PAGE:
At Archbold Biological Station, we make a lot of maps. There are many uses for maps and we use them to support our mission of Research, Conservation, and Education. We look at maps to make management decisions for the species or landscape that we are studying, we create maps to help us solve research questions, and we share maps with the public and elected officials to explain environmental topics. GIS, or Geographic Information Systems, is the main tool used to look at, create, and share maps. Vivienne Sclater, GIS and Data Manager at Archbold Biological Station says, “GIS is a very powerful piece of computer software that allows you to look at many different aspects of a map at once. You have the freedom to visualize how things interact with each other within a specific landscape. GIS has many different applications, from determining the best location for a new branch of your store, to predicting where an endangered species might exist based on the environmental conditions in a location where you know it occurs”. GIS is very useful for conservation work and Archbold has been very active in the Society for Conservation GIS since they started over 20 years ago. Continue reading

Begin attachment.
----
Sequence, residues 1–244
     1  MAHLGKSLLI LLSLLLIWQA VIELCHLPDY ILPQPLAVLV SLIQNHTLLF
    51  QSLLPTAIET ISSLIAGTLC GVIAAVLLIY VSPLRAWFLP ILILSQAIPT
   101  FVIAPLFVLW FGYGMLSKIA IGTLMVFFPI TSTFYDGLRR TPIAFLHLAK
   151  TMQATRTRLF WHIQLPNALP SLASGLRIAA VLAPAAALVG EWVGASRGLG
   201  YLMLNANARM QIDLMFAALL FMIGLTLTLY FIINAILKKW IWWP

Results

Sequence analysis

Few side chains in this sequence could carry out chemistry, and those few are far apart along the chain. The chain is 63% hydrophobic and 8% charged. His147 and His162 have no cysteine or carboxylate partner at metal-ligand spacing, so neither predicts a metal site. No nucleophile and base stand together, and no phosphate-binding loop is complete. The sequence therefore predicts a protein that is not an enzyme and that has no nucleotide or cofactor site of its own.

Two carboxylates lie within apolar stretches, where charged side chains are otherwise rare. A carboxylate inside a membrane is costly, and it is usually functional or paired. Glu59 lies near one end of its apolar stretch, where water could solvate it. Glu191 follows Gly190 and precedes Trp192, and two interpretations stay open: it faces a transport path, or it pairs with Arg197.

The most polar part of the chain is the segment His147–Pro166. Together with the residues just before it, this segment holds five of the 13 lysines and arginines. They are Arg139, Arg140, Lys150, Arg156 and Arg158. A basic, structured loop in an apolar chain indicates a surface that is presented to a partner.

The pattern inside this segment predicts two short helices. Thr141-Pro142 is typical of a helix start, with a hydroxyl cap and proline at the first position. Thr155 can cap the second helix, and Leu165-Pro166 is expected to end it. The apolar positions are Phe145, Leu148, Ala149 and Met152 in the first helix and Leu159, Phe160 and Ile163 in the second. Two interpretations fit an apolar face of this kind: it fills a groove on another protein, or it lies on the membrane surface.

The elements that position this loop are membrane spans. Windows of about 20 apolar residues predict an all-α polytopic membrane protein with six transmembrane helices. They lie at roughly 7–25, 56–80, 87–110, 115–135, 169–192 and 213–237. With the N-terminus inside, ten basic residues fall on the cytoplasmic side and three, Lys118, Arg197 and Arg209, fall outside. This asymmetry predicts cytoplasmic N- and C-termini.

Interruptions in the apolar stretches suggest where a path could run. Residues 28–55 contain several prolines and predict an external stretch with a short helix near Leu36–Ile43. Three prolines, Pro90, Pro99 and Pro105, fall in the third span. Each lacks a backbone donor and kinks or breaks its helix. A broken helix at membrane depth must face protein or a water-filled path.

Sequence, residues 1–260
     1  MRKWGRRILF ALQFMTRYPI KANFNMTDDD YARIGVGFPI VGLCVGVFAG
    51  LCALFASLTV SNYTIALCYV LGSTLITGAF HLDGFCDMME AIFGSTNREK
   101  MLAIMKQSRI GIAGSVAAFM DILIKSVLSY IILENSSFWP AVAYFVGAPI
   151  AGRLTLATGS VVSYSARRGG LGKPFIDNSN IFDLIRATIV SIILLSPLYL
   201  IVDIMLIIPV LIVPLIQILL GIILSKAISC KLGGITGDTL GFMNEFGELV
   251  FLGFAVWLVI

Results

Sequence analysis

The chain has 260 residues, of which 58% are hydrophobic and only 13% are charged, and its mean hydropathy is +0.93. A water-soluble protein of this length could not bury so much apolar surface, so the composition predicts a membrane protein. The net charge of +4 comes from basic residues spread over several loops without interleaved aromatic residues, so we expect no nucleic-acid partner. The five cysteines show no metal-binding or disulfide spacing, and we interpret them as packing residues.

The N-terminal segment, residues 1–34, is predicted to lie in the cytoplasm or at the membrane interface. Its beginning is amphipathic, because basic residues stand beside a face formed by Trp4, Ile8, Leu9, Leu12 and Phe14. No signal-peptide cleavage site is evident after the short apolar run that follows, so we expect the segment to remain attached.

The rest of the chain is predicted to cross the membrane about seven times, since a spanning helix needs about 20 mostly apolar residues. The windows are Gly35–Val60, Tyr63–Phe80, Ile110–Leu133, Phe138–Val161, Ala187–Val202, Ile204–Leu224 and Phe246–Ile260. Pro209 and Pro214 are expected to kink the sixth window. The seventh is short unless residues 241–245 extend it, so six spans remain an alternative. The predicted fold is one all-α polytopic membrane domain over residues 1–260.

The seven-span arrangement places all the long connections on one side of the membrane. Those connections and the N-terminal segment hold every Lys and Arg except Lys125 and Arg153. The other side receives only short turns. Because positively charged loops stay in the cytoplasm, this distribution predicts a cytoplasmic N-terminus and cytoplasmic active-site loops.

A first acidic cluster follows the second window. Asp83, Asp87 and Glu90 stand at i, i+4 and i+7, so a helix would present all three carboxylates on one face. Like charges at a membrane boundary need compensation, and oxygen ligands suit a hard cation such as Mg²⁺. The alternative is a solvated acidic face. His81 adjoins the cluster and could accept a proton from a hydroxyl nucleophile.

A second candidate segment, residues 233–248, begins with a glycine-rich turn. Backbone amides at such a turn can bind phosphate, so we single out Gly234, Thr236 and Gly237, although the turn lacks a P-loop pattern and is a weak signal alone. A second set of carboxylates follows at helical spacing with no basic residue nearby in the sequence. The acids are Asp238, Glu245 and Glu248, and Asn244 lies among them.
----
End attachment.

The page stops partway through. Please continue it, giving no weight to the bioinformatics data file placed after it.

Archbold Weathers Hurricane Irma

Archbold Biological Station Executive Director Hilary Swain was up early in the morning of the 11th September, after the major winds from Hurricane Irma had passed through. She surveyed the scene from the water tower. The main Station buildings, constructed like a steel and concrete fortress, looked intact. Most other Archbold buildings survived with no major structural damage, although the whole campus was a disheveled mess of trees and twisted branches. Most of the trees that fell were large, old laurel oaks planted years ago, and not typical of the native Florida scrub at Archbold. Laurel oaks often have rotten centers and are very vulnerable to storm events. Amazingly very few trees fell on buildings. Archbold Biological Station was lucky! Continue reading

Hidden Pastures: Florida Scrub is a Special Habitat